Is this Scotland’s most accessible roadside diner?
A pit stop for hillwalkers and road-trippers, Tyndrum is a tiny Scottish village that leads to Oban in the west and Glen Coe in the north. A stretch of road with a petrol station, a mini-market and a few roadside diners is where you’ll find the hustle and bustle of Tyndrum, and one of these diners is on a mission to make it Scotland’s most accessible village.
The Real Food Café is more than just a diner, it’s a place to rest and recharge before setting off on a Scottish adventure. With powerchair charging points, large print menus and water bowls for assistance dogs, you can tell someone has thought carefully about its disabled access. That person is Sarah, the café’s founder and director.
‘Making Tyndrum the most accessible destination in Scotland’ by Sarah Heward
The Real Food Café, Tyndrum, is situated on the A82 halfway between Glasgow and Fort William, which makes it an ideal stopping point to break journeys for refreshments, the loo or to walk your dog.
The café opened in 2005 on the site of a derelict former Little Chef. From the outset the idea was to create a roadside diner that not only served great quality favourites such as award-winning fish and chips, delicious coffee and home baking, but was above all a really welcoming and inclusive environment for everyone. We didn’t just want to pay lip service to our goal, we wanted to action and live it.
To be honest at the time, we didn’t understand a lot about accessibility for disabled people and getting a business off the ground is a huge challenge in itself, so this was our initial focus. We were juggling a lot of balls and fighting fires as we encountered many unexpected setbacks in our efforts to get the business established. Fourteen years on, we are now in a position where we can work on our service to disabled customers and thus we are actively engaging with the disabled community, for example through Euan’s Guide and Disabled Access Day.
Disabled access is still a learning curve for us, but the game changer came when my father developed a neurological illness, PSP and we cared for him at home with all the associated impact this had on our lives. To say it was eye-opening is an understatement.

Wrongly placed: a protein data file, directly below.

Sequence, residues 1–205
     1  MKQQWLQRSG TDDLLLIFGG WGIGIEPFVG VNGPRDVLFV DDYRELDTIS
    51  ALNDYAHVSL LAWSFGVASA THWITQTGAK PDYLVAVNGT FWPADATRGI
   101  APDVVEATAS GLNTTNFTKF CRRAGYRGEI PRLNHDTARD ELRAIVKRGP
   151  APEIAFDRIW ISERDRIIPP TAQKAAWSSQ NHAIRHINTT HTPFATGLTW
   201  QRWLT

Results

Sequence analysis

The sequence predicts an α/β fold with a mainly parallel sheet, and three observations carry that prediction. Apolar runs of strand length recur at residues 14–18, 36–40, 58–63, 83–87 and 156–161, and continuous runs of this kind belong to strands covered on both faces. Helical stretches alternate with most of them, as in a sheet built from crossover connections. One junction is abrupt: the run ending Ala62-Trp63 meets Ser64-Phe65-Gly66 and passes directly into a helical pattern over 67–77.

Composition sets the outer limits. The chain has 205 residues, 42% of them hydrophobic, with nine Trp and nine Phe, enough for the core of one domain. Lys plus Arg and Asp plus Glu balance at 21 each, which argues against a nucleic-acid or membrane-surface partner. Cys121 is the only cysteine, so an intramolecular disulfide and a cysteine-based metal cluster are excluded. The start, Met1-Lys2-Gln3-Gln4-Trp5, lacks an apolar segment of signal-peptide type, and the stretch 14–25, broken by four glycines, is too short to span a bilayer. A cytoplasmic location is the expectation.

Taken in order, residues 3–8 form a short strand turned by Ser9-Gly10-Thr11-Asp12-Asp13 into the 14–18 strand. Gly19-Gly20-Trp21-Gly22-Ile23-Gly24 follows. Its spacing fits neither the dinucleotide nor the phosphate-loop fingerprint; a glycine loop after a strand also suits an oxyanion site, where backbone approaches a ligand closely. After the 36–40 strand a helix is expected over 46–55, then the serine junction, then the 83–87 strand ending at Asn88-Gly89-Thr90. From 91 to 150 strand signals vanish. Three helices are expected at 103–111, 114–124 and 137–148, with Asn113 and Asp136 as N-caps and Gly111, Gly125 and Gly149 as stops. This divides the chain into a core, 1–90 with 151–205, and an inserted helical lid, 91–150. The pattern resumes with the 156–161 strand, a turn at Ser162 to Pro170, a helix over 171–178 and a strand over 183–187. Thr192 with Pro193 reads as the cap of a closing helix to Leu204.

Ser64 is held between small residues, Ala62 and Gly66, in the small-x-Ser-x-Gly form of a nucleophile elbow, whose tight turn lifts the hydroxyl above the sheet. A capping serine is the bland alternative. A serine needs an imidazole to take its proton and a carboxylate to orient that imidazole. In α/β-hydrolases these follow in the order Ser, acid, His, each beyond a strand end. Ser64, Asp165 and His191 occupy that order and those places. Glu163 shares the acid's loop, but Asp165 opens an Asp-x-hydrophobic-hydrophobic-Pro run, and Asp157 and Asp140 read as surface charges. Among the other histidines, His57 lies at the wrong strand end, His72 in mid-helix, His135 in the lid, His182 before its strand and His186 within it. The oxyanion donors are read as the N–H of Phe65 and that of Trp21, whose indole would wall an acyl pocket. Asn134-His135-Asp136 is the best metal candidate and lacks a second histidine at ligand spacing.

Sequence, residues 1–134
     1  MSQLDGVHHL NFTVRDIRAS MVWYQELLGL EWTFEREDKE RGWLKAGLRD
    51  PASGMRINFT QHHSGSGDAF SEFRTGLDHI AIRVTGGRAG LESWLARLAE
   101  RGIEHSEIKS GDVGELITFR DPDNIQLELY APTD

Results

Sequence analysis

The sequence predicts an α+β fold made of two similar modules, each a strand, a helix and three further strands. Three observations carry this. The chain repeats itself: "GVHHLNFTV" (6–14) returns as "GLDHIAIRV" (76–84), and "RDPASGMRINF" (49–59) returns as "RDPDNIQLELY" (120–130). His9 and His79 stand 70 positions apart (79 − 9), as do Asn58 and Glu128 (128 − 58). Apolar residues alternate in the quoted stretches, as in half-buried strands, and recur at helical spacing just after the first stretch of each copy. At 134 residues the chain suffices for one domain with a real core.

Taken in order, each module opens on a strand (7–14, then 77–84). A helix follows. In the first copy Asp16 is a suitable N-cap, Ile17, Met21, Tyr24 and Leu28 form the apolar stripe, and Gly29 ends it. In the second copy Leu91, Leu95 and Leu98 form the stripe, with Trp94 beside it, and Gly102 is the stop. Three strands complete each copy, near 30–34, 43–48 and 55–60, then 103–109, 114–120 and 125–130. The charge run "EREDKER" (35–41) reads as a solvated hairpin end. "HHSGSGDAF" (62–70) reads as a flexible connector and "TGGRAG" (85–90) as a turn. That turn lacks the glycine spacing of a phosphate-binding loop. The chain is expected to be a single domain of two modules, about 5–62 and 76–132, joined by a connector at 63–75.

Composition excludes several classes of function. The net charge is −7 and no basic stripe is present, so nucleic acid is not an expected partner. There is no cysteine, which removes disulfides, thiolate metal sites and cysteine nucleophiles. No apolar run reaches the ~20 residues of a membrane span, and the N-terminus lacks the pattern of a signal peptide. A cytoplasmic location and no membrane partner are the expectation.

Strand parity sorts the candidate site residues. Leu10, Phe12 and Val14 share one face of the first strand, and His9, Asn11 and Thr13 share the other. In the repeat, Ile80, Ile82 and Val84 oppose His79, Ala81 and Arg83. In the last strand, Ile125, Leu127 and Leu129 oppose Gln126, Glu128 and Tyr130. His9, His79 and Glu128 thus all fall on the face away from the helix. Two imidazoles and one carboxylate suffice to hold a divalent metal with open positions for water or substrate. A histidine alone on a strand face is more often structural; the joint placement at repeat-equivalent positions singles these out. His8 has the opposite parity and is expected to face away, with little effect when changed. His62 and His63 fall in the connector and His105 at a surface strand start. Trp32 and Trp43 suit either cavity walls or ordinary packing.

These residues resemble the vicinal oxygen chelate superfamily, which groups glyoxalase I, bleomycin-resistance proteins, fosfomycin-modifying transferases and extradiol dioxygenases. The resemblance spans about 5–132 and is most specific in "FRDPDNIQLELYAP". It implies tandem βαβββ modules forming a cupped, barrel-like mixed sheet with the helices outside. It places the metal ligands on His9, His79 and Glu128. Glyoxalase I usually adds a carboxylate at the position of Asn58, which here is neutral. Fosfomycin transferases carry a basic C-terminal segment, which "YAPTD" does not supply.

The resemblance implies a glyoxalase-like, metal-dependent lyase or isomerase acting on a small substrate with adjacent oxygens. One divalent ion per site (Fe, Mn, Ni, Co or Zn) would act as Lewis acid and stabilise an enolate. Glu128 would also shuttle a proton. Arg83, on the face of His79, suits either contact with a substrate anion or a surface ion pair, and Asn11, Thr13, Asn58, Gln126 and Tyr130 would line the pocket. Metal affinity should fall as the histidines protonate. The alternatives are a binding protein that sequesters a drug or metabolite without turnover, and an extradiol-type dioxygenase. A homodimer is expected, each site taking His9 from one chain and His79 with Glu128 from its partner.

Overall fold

Happily, the café today is immensely popular and while we operate a no bookings rule, we make an exception for disabled customers. During high season and at weekends we recommend that disabled customers book ahead by emailing email@example.com, sending a private Facebook message or by phoning 01838 400235.
Photo: The team showing off their VisitScotland Accessible Tourism Training Certificates
The most important step we have taken on our accessibility journey is with our team and ensuring that every team member has passed the VisitScotland Accessible Tourist Customer Service Training course. This step is crucial because if your team are confident in talking to and helping disabled customers, then you have a base to build on.
Our facilities for disabled customers include:
- Disabled toilet which is wheelchair usable
- Water bowls and home-baked dog biscuits for your canine companions
- Lowered counter area for wheelchair users to access the till point
- Disabled parking bays and an access ramp into the building
- Large print menus for visually impaired and partially sighted people
- Access guide on our website and a listing on Euan’s Guide
Photo: A new large print menu beside the standard-sized menu.
The next step for us is training several of our team in basic sign language with BSL courses and this should be achieved by the end of summer 2019, so we will be able to communicate better with our deaf customers.
My vision is to make Tyndrum the most accessible destination in Scotland. We don’t have a Changing Places toilet in Tyndrum yet, but we are working trying to acquire some land and funding to build one.
Have you been to The Real Food Café?
If you’ve stopped at The Real Food Café for fish ‘n’ chips, some cake or just a cup of tea, tell us what you thought of its accessibility! Add a review to Euan’s Guide.